Natsuo Kirino’s Out is truly a universal tale, meaning a truly multiculturally applicable novel, meaning one that will be understood anywhere in the world where there are loan sharks, illegal casinos, and middle-aged working-class women toiling like galley slaves on the night shift in grueling dead-end assembly-line jobs. In this case the gig is packing prefab food into lunch boxes from midnight to 6 a.m. only to return home to abusive, cheating husbands who blithely relate how they’ve gambled away the family savings before punching wifey in the gut, or docile deadbeats who run off with all her pay, or dour, self-absorbed types disinterested in everything about the little woman—her mind, pussy, problems—save her penchant for putting dinner on the table like clockwork. This doesn’t begin to describe the all-around appeal of various children (and in one case an infantile mother-in-law) who are either young and needy, ‘ho-ing and greedy, or expert in the use of silence as a passive-aggressive weapon. None more so than the son who, in the first words his mother has heard from him in years, nearly sells her out to the police, then cries out “Thanks for nothing, bitch,” when she informs she might be leaving the family.
True to that maxim, “Don’t let a woman tell it because she’ll tell it all,” Out may be the most ghetto Japanese novel you ever read. It contains all the necessary genre ingredients and then some: a murder, a corpse-dismembering enterprise, a disintegrating team of co-conspirators, a yakuza sociopath, a yakuza extortionist. The vive la différence in this case is that the murderer is the perfect housewife, her accessories-to-murder are her girls from the assembly line, and both yakuza cats, the sociopath and the loan shark, secretly fall in love with the assembly line gang’s hardtack, worldly ringleader, Musake, whom glass-ceiling misogyny drove from corporate life to bento-box wage slavery.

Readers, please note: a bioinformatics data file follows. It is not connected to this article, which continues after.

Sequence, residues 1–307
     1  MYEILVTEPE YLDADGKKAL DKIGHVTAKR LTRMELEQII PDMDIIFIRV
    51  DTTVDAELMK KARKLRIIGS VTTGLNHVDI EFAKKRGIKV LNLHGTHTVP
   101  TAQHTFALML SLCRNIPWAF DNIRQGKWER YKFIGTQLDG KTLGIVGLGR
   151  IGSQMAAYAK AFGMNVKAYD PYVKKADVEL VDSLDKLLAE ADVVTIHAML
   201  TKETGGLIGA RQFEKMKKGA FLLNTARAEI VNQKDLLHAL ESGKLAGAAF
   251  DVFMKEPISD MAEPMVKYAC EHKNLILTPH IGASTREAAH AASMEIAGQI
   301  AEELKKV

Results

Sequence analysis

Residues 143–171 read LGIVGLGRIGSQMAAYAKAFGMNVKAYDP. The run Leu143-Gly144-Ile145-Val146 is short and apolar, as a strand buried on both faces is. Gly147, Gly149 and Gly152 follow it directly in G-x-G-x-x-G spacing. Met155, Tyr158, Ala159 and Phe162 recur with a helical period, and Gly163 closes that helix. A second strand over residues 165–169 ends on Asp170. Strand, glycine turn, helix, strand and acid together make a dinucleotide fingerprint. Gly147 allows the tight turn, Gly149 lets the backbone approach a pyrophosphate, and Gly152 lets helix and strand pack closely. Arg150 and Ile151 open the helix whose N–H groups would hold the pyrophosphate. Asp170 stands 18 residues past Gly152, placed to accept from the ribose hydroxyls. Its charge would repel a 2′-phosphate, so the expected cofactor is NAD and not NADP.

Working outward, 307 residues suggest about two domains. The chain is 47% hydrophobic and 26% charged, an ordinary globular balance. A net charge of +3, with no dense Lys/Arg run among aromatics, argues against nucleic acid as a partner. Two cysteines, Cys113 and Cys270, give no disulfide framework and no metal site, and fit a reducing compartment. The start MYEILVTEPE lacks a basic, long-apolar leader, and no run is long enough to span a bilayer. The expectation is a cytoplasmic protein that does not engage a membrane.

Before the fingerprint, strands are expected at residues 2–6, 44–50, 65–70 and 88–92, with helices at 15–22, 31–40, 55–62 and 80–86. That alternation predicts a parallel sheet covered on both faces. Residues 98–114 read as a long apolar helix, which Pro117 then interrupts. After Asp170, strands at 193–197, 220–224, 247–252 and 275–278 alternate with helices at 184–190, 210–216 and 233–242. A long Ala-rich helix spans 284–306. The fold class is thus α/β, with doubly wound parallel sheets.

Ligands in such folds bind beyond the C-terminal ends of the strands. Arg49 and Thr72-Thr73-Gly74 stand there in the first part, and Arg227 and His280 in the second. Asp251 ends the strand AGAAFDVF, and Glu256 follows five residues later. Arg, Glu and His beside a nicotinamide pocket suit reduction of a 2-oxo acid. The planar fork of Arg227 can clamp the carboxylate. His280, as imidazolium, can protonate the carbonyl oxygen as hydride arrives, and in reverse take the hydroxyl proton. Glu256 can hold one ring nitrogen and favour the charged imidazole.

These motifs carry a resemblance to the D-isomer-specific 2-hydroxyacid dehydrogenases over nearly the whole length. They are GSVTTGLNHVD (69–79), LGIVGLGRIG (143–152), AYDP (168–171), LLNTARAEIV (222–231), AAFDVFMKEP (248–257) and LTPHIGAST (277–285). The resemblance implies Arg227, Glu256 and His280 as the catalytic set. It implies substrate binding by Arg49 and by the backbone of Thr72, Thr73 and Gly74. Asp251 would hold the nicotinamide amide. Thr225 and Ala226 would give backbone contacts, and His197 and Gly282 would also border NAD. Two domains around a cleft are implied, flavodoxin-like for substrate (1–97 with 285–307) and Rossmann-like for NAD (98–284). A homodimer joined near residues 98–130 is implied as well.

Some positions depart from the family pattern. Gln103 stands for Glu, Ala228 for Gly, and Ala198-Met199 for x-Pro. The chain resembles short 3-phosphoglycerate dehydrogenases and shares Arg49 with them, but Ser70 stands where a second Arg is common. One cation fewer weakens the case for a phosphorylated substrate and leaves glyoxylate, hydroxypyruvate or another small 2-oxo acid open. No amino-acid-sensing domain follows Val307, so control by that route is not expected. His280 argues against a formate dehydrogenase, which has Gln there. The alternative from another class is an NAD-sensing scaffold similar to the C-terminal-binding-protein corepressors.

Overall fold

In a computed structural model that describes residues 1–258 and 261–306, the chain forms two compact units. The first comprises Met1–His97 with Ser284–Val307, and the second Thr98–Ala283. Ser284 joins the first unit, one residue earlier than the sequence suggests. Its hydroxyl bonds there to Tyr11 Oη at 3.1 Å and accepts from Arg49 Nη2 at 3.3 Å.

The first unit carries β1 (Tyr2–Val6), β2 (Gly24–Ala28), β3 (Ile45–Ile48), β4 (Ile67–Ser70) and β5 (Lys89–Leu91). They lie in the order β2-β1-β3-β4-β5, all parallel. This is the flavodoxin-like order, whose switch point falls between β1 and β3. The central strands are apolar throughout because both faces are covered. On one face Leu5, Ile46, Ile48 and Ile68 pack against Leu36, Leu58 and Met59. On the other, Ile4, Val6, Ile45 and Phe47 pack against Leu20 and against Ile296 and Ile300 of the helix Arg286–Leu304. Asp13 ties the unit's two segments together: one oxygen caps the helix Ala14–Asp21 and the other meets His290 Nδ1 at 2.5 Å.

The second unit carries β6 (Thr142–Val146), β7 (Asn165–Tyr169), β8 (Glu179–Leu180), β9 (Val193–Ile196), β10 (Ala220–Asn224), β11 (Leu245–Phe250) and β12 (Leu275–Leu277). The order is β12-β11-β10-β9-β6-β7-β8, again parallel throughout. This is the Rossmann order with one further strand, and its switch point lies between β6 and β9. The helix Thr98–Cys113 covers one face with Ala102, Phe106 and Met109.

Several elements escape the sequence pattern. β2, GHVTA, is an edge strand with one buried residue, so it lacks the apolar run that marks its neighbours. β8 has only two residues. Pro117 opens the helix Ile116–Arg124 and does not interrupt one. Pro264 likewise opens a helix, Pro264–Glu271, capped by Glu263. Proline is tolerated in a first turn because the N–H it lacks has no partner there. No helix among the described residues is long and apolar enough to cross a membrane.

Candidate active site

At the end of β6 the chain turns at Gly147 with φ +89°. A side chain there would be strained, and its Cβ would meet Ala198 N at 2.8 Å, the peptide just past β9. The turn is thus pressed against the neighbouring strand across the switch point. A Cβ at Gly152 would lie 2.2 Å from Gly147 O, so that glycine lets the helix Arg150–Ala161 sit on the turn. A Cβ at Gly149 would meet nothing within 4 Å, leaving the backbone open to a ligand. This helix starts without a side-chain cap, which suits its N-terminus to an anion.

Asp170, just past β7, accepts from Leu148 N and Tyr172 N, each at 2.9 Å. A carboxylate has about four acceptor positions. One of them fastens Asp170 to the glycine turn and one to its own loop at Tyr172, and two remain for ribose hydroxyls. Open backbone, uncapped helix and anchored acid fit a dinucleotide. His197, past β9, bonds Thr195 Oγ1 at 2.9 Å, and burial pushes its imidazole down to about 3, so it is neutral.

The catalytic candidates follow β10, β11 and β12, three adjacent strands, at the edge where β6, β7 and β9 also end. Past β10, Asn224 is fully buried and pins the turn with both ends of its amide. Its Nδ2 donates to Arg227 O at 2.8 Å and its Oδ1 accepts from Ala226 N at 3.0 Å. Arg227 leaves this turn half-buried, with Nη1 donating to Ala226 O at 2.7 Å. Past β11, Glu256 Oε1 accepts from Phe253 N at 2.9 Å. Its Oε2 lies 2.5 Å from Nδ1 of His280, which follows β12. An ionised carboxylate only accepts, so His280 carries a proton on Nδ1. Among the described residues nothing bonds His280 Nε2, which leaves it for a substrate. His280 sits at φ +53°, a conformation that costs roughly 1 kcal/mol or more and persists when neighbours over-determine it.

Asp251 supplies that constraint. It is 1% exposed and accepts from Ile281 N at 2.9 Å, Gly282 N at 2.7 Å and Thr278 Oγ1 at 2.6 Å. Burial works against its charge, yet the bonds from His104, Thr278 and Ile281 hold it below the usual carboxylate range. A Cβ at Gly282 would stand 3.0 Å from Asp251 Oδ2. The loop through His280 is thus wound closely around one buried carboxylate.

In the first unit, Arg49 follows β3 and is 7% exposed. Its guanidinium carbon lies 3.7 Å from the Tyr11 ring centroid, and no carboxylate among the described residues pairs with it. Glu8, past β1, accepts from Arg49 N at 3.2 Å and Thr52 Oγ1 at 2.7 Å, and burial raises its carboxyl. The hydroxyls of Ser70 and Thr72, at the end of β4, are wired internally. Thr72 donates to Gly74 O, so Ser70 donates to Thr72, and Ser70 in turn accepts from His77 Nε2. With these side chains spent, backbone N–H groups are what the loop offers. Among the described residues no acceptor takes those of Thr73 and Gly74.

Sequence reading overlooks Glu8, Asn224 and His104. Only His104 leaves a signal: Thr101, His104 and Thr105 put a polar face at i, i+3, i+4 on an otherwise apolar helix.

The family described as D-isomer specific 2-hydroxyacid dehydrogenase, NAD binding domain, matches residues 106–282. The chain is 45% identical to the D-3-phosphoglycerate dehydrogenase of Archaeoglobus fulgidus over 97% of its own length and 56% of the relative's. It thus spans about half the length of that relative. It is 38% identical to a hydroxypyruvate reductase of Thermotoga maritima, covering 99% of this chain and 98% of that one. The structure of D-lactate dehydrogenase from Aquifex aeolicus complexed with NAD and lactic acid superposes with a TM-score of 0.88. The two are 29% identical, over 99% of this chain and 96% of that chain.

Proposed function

The scarily omniscient Kirino knows not only everybody’s business but everybody’s mind—her way with interior monologue is pungent and prismatic, shuffling between characters’ ill-ass reveries on the same insane incident. There is a lot here about Japanese sexism, of the ageist and pedophilic kind, and the psychology of Japanese female self-loathing and existential despair. Like Walter Mosley she exploits the beat-down potential of the hard-boiled novel to depict life on society’s bottom in ways that subtly read as one part social protest, one part sadomasochistic entertainment. Perhaps the most pointedly Japanese aspect of Kirino’s writing is the way she eroticizes, even romanticizes, sexual violence, up to, and including, two homicidal rapes. As much as the Japanese are supposed to be enamored of all things American, after reading Kirino you can easily believe Western feminism never became the rage.